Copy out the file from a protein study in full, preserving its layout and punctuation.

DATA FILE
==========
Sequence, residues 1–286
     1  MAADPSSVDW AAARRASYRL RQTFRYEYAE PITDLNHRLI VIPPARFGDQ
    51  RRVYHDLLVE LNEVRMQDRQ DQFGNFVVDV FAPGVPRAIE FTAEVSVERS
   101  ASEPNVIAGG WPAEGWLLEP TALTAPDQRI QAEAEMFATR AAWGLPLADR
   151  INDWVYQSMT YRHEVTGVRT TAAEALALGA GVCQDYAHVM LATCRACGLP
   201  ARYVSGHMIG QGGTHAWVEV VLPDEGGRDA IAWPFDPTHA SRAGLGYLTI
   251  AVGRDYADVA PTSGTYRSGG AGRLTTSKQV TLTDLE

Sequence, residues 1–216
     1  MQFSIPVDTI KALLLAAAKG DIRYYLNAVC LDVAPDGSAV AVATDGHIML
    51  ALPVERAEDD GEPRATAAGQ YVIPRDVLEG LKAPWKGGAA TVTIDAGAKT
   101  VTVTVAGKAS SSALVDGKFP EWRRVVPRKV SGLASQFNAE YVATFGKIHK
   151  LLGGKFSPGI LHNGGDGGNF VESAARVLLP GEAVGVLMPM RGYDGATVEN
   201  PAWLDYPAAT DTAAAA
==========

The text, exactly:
Sequence, residues 1–286
     1  MAADPSSVDW AAARRASYRL RQTFRYEYAE PITDLNHRLI VIPPARFGDQ
    51  RRVYHDLLVE LNEVRMQDRQ DQFGNFVVDV FAPGVPRAIE FTAEVSVERS
   101  ASEPNVIAGG WPAEGWLLEP TALTAPDQRI QAEAEMFATR AAWGLPLADR
   151  INDWVYQSMT YRHEVTGVRT TAAEALALGA GVCQDYAHVM LATCRACGLP
   201  ARYVSGHMIG QGGTHAWVEV VLPDEGGRDA IAWPFDPTHA SRAGLGYLTI
   251  AVGRDYADVA PTSGTYRSGG AGRLTTSKQV TLTDLE

Sequence, residues 1–216
     1  MQFSIPVDTI KALLLAAAKG DIRYYLNAVC LDVAPDGSAV AVATDGHIML
    51  ALPVERAEDD GEPRATAAGQ YVIPRDVLEG LKAPWKGGAA TVTIDAGAKT
   101  VTVTVAGKAS SSALVDGKFP EWRRVVPRKV SGLASQFNAE YVATFGKIHK
   151  LLGGKFSPGI LHNGGDGGNF VESAARVLLP GEAVGVLMPM RGYDGATVEN
   201  PAWLDYPAAT DTAAAA